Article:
- There is no place richer in Nairobi, Kenya than the Nairobi War Cemetery.
- Sandwiched between the Ngong Forest Sanctuary and Dagoretti’s furniture makers, towards the leafy suburb of Karen, lies Nairobi War Cemetery where 1,942 documented heroes from the World War II rest in peace.
It is said ‘the richest place in the world is the graveyard’ and there is no place richer in Nairobi, Kenya than the Nairobi War Cemetery.
Located some 13 kilometres from the Nairobi Central Business District, the graveyard is one of the most famous graveyards ri in the world and rich in history, yet few people find time to visit it.
Here is a peek inside the rarely seen Nairobi War Cemetery.
Sandwiched between the Ngong Forest Sanctuary and Dagoretti’s furniture makers, towards the leafy suburb of Karen, lies Nairobi War Cemetery where 1,942 documented heroes from the World War II rest in peace.
While here, one won’t fail to notice the well-manicured green lawns and beautiful flowers next to each grave that welcome visitors to the cemetery.
The combatants fought under the Allied-forces led by Britain against the Berlin-Tokyo-Rome axis led by Germany.
Albert Edward, a Lieutenant Colonel with King’s African Rifles who died at 68 years is the oldest while Arthur Lundstrom, David Philip, Donovan Bertram and Dennis Charles all who perished at 18 years are the youngest in the graveyard.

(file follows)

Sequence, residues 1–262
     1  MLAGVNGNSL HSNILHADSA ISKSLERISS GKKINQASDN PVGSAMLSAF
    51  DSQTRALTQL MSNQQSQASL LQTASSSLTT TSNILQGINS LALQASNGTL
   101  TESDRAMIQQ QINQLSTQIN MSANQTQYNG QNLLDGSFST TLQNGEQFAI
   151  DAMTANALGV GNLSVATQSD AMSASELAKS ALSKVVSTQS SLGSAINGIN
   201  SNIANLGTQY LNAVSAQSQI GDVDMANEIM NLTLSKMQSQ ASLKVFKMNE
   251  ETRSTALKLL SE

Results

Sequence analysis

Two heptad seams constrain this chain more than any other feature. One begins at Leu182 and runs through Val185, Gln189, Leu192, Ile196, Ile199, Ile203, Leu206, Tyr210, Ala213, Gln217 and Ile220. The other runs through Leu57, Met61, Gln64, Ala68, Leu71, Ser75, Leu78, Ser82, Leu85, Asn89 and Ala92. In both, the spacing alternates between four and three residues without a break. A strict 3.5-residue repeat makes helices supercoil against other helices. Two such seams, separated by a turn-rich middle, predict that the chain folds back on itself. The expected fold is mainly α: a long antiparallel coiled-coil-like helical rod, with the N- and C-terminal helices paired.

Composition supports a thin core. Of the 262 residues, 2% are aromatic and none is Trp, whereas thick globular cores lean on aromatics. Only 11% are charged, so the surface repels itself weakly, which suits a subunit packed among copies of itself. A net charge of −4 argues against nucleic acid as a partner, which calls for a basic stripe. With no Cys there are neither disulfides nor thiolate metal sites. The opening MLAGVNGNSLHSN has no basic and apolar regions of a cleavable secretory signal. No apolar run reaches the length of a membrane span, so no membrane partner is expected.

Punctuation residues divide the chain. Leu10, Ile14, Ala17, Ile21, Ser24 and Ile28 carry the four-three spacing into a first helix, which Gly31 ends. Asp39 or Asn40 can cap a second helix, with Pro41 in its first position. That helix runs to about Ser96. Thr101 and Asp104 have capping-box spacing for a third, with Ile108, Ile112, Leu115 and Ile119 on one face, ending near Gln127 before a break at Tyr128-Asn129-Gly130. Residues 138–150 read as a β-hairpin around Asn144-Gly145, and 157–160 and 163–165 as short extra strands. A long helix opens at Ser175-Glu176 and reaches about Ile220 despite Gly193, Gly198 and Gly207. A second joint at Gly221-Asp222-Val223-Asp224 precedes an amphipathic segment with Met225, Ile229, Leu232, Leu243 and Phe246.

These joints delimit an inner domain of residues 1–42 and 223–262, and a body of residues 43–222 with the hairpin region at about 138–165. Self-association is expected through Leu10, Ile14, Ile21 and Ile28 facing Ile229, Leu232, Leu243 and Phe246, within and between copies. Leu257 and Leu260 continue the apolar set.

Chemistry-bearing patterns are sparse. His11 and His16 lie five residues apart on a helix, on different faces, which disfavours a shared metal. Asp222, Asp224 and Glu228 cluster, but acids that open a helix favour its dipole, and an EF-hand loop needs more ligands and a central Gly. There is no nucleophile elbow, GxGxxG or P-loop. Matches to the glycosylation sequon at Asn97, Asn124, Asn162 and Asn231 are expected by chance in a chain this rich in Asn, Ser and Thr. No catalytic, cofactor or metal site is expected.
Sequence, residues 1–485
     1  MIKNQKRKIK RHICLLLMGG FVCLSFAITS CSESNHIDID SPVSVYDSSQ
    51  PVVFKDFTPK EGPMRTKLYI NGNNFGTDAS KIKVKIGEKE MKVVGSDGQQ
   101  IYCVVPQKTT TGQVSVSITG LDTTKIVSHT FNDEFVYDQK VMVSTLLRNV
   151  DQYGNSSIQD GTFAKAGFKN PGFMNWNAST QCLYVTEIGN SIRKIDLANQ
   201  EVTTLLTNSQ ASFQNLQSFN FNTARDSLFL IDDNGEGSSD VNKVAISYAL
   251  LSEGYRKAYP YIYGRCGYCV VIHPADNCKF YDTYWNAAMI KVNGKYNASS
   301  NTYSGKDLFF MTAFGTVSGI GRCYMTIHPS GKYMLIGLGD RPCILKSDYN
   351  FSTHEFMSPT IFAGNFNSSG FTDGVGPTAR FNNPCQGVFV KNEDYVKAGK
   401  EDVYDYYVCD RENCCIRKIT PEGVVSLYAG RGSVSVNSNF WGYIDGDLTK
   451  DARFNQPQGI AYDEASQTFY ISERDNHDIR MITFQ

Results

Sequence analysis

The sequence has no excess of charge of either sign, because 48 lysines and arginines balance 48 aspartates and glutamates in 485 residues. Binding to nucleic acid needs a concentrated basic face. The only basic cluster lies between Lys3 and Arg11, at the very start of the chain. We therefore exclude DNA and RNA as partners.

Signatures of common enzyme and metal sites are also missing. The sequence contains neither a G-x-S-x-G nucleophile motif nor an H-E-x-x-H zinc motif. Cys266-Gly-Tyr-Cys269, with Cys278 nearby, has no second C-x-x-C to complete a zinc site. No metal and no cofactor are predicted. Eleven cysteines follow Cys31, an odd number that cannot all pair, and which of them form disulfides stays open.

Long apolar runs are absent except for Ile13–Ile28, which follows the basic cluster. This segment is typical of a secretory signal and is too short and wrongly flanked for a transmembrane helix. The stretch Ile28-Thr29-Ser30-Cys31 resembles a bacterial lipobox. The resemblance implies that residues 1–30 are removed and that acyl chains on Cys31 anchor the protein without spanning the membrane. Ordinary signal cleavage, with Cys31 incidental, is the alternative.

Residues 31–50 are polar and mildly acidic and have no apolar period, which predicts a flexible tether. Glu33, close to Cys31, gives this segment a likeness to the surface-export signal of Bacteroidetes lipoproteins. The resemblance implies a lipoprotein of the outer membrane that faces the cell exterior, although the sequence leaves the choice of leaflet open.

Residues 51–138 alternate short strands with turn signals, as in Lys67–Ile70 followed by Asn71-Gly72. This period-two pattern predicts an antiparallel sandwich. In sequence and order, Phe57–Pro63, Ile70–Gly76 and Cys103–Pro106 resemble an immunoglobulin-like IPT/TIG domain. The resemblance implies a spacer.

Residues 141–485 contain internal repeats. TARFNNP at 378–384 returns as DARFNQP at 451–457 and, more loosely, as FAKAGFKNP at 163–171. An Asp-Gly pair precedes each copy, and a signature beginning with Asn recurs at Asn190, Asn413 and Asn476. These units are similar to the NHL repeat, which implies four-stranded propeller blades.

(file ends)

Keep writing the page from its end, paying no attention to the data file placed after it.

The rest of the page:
They are among the 1808 British soldiers at the Ngong Road graveyard, thousands of miles from their home country.
The cemetery is one of the 1.75 million World War graves, spread throughout the world.
All the cemeteries across more than 100 countries look alike, with the only difference being the trees grown.
South Africa has 131 soldiers, while Australia, Canada and New Zealand all have one while no Kenyan soldier is buried there.
Army soldiers make up the highest number with 1960 graves, followed by Air-Force with 63 while Navy has 12 combatants.
Acelam Adoch, a private officer with the East African Army ordnance Company in Kenya was the last casualty from the war to be buried at the Ngong Road cemetery following his death on December 23, 1947.
The cemetery’s maintenance is funded by the British, Australian, Canadian, Indian and South African governments, ensuring a serene and green environment all year round.